A career in the healthcare field is rewarding and essential, but the work often takes a gradual toll on healthcare professionals. Given the nature of the job, the lasting effects of the COVID-19 pandemic and a widespread nursing shortage, nursing professionals can benefit from tips and tools to reinvigorate their passion for the field.
Why Is There a Nursing Shortage?
Many factors contribute to the nursing shortage, but one significant reason for the nursing shortage is the lack of employment-based mental health resources provided by administrators.
Some healthcare professionals are dissatisfied with their work-life balance because they rarely find time to rest. While COVID-19 may have exacerbated the issue, strain and fatigue were present before the pandemic. Additionally, employees’ work environments can affect their happiness levels depending on the facility’s management and interactions with other healthcare staff.
According to HealthStream, “Some healthcare jobs make the flexibility demands of a modern life too difficult to manage,” and employees are looking for “more favorable schedules, improved daily commutes, and different travel commitments.”
Setting Healthcare Professionals Up for Success
Healthcare administrators must evaluate the positives and negatives of the work environment to retain employees and facilitate a healthier work-life balance.
Administrators should ask employees how they feel about their job and work satisfaction. This transparent approach can identify positive aspects of the job and determine situations that might lead to employee shortages. Once administrators and providers know the root of the problem, they can implement changes to help employees feel valued and respected.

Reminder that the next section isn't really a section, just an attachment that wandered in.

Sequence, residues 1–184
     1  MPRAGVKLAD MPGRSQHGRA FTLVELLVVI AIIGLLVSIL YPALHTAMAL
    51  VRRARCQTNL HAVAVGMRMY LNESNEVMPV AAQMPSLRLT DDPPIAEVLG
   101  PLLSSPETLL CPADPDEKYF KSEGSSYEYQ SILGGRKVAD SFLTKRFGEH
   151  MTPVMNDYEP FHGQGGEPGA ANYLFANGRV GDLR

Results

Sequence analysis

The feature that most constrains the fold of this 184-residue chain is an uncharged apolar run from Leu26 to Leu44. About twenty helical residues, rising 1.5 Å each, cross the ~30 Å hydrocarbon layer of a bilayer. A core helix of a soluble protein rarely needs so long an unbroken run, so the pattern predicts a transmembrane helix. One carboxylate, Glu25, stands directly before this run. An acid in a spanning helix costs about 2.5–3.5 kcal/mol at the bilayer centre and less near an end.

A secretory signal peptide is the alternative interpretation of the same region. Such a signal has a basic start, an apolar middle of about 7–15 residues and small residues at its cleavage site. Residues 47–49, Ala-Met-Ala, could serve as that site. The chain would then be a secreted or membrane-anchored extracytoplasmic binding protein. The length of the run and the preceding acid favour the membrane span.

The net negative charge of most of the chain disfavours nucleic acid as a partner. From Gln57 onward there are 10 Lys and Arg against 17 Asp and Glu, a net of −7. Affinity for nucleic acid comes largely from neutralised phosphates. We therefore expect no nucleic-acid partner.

Each nurse has different work-life balance needs, so not every employee will feel the same way about the management of their organization. As a result, their opinions about improving situations or implementing changes will differ, but administrators must make accommodations to improve employee satisfaction.
Administrators should realize that nurses work hard for their patients and deserve ample time off to refresh their minds. It is best to give nurses the tools to manage stress and exhaustion before burnout happens. Therefore, administrators must understand the need for flexibility in the workplace, especially for students or those just starting their careers.
Work-life balance is especially important in healthcare due to the nature of the work, but prioritizing work-life balance is not easy. It can be difficult for most healthcare professionals to avoid bringing work home. Most are “on call,” sometimes unofficially, and must check their phones frequently to ensure they do not miss crucial correspondence.
In an interview with EduMed, work-life balance expert Mari Verano states that it helps to “discipline yourself to not check any work-related e-mail if you don’t have to — or from doing any work-related tasks” on your days off. It also notes: “if you must do work-related tasks during time off … only do the essential ones and reward yourself for doing these afterward.”
Advocate for Work-Life Balance With an MHA Degree
One way to increase work-life awareness as a healthcare professional is to further your career and earn your Master of Healthcare Administration (MHA) degree. Those who enroll in the MHA online program at the University of North Carolina Wilmington (UNCW) will expand their knowledge in human resource management and operation management, further expanding their professional capacities.
In as few as 12 months, students will gain the essential knowledge and practical expertise needed to deliver effective, ethical and innovative leadership across a wide range of healthcare organizations.
This structured program enables students to instill positive outcomes in the continuously evolving field of healthcare administration. For example, the Introduction to Healthcare Management explores management and organizational behavior in healthcare. In addition, the Managing Human Capital in Healthcare course covers critical issues related to employee turnover, retention and motivation.
Each future healthcare administrator will obtain the knowledge required to enter influential roles in healthcare settings, such as mental health organizations, public health departments and hospital/health systems.